Valsalva Control Stuttering Therapy:

A Brief Introduction

by William D. Parry, Esq., CCC-SLP

Valsalva Control Therapy is a comprehensive new approach for treating the most common form of stuttering, often referred to as “persistent developmental stuttering.”  Valsalva Control is based on the realization that most stuttering is caused not by a lack of ability to speak, but rather by an interference with that ability.  This interference is physiological in nature, but it may be triggered by various psychological factors.  In addition to addressing the psychological factors, Valsalva Control promotes easy, natural speech by controlling the physiological mechanism that causes stuttering blocks. 

Valsalva Control offers people who stutter a new opportunity to enjoy easy, effortless speech without drugs, without electronic devices, and without unnatural-sounding speaking techniques.  It is very different from the “fluency shaping,” “stuttering modification,” or “voluntary stuttering” approaches to therapy.  It does not rely on “targets” or “artificial fluency” gimmicks.

Rather than focusing on controlling one's speech, Valsalva Control is aimed at relaxing the Valsalva mechanism and reducing the urge to exert effort, so as to free the person’s own natural speaking ability.  Valsalva Control intentionally does not emphasize fluency, because any effort to “stop stuttering” would tend to activate the Valsalva mechanism and be self-defeating.  Instead, the goal is to make speech easier and more enjoyable. 

Stuttering and the Valsalva Mechanism

The Valsalva mechanism includes the larynx in the throat and various muscles in the chest and abdomen.  These are neurologically coordinated to perform Valsalva maneuvers by simultaneously squeezing to build up air pressure in the lungs.  In a normal Valsalva maneuver, you hold your breath by closing your larynx tightly (a function called effort closure).  Meanwhile, your abdominal and chest muscles squeeze to increase the air pressure.  The more these muscles squeeze, the tighter your larynx closes to resist the increasing air pressure.  The purpose is to make the trunk of the body rigid, so that effort can be exerted more efficiently.  Valsalva maneuvers are normally used to help us lift, push, or pull heavy objects, or to force things out of the body (such as bowel movements).  The Valsalva maneuver is also associated with the “fight or flight” response to danger.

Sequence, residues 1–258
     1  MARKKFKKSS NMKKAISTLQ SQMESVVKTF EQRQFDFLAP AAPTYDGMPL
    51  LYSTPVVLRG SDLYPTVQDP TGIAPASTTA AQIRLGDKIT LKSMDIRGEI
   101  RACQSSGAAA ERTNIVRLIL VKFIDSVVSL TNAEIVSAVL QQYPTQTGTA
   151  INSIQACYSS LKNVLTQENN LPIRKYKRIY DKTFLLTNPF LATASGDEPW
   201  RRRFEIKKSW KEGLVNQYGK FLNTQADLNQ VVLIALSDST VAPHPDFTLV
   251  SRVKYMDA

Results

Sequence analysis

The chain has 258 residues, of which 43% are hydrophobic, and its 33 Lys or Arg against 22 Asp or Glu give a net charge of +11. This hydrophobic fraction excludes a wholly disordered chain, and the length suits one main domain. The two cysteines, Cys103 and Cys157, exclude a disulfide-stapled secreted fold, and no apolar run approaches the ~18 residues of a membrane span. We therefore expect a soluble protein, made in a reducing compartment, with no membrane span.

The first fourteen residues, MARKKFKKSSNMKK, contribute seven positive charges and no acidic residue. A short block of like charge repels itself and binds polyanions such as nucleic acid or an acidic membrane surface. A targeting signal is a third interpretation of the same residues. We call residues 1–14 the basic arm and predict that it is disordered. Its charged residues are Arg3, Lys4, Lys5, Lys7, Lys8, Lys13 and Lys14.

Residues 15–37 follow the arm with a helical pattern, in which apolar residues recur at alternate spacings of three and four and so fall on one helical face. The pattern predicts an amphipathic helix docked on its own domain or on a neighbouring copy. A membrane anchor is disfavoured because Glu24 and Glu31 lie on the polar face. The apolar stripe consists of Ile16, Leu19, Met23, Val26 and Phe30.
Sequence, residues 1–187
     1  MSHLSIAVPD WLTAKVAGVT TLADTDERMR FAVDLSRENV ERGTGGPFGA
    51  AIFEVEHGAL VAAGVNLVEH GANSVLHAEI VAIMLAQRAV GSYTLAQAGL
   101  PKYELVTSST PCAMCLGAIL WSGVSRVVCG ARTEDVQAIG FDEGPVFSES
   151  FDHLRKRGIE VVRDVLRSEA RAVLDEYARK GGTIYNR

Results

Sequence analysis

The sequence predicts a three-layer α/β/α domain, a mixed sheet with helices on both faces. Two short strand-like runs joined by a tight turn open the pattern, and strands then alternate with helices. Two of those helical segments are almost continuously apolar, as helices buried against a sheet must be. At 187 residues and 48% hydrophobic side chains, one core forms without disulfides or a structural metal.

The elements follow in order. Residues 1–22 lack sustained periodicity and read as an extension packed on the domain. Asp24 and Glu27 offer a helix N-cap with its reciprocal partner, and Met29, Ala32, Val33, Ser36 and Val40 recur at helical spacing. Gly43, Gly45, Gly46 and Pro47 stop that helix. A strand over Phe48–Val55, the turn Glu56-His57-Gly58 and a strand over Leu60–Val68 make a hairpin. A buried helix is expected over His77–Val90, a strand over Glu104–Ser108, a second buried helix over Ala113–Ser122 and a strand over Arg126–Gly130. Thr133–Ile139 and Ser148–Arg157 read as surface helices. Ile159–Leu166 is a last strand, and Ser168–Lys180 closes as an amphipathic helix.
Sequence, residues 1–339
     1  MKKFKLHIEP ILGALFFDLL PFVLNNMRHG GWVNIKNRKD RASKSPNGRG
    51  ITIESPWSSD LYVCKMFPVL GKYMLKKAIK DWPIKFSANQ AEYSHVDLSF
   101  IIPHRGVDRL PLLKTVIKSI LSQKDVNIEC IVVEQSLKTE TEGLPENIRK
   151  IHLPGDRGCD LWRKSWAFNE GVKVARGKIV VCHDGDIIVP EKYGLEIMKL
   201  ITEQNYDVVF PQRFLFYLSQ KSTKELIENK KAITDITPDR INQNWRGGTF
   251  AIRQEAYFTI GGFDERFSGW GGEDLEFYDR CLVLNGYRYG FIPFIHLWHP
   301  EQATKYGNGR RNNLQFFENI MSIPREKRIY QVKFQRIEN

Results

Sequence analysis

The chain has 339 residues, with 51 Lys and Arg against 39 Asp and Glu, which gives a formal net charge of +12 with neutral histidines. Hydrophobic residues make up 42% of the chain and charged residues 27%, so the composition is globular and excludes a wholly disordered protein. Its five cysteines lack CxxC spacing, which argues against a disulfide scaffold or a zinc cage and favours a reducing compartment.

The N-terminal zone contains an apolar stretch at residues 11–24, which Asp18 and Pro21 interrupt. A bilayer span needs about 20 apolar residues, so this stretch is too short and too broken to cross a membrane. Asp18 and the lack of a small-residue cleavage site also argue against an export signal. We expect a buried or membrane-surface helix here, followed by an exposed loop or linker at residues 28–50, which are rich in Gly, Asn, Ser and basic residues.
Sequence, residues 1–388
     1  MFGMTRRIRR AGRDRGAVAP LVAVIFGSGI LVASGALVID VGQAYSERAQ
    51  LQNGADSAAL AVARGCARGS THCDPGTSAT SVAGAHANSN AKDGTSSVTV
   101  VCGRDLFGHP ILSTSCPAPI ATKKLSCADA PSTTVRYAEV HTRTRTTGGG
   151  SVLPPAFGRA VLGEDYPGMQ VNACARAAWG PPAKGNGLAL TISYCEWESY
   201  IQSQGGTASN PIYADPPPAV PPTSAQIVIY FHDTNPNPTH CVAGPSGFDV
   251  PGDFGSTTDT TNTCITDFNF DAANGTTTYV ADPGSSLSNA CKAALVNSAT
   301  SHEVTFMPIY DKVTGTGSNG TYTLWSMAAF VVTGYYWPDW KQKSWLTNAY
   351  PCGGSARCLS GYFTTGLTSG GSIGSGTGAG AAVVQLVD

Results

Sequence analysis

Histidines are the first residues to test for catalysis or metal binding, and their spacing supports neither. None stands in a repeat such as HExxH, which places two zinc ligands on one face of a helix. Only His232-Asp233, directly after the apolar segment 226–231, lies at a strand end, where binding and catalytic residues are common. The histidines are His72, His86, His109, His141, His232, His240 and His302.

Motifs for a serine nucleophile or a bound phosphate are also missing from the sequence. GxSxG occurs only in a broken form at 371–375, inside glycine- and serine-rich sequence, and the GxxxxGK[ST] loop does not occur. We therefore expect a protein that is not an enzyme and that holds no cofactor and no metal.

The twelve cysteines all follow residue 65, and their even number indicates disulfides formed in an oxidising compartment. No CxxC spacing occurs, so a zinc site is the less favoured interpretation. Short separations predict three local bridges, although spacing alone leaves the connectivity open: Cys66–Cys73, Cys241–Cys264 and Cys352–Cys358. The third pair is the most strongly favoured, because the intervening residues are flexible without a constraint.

Stuttering blocks usually occur when the person who stutters (PWS) feels the urge to use extra effort in speaking – usually in response to anxiety or because he or she anticipates that saying a word will be difficult.  This urge leads to the larynx being neurologically prepared to exert effort as part of a Valsalva maneuver, rather than being prepared to phonate the vowel sound of the word in question.  The PWS then gets stuck on the initial consonant of the word – either repeating, prolonging, or forcing on it – because the larynx is not prepared to phonate the vowel sound that follows.  In words that start with vowels, the result is tight closure of the larynx, either continuous or repetitive.

The PWS mistakenly believes that the initial consonant caused the block and that effort was needed to overcome it.  Although exerting effort might feel like the right thing to do, it actually strengthens the block and perpetuates stuttering.  The real problem was not the consonant, but the speaker’s inability to phonate the subsequent vowel sound.

There are many reasons why the urge to exert effort may have originally developed, depending on the individual.  Some persons may have had neurological weaknesses or delays in the motor programming of speech as children, which caused them to feel that speech was difficult and required extra effort.  Such neurological weaknesses could also make their programming of speech susceptible to interference by anxiety or other emotions.  Some of these traits may have been inherited.  Other individuals may have learned to use effort in response to excessive demands on their speech or because of stressful environments.  Regardless of the reason, the prolonged repetition of this behavior creates strong nerve pathways that may perpetuate stuttering even after the original factors subside.

Is Valsalva Control Appropriate for You?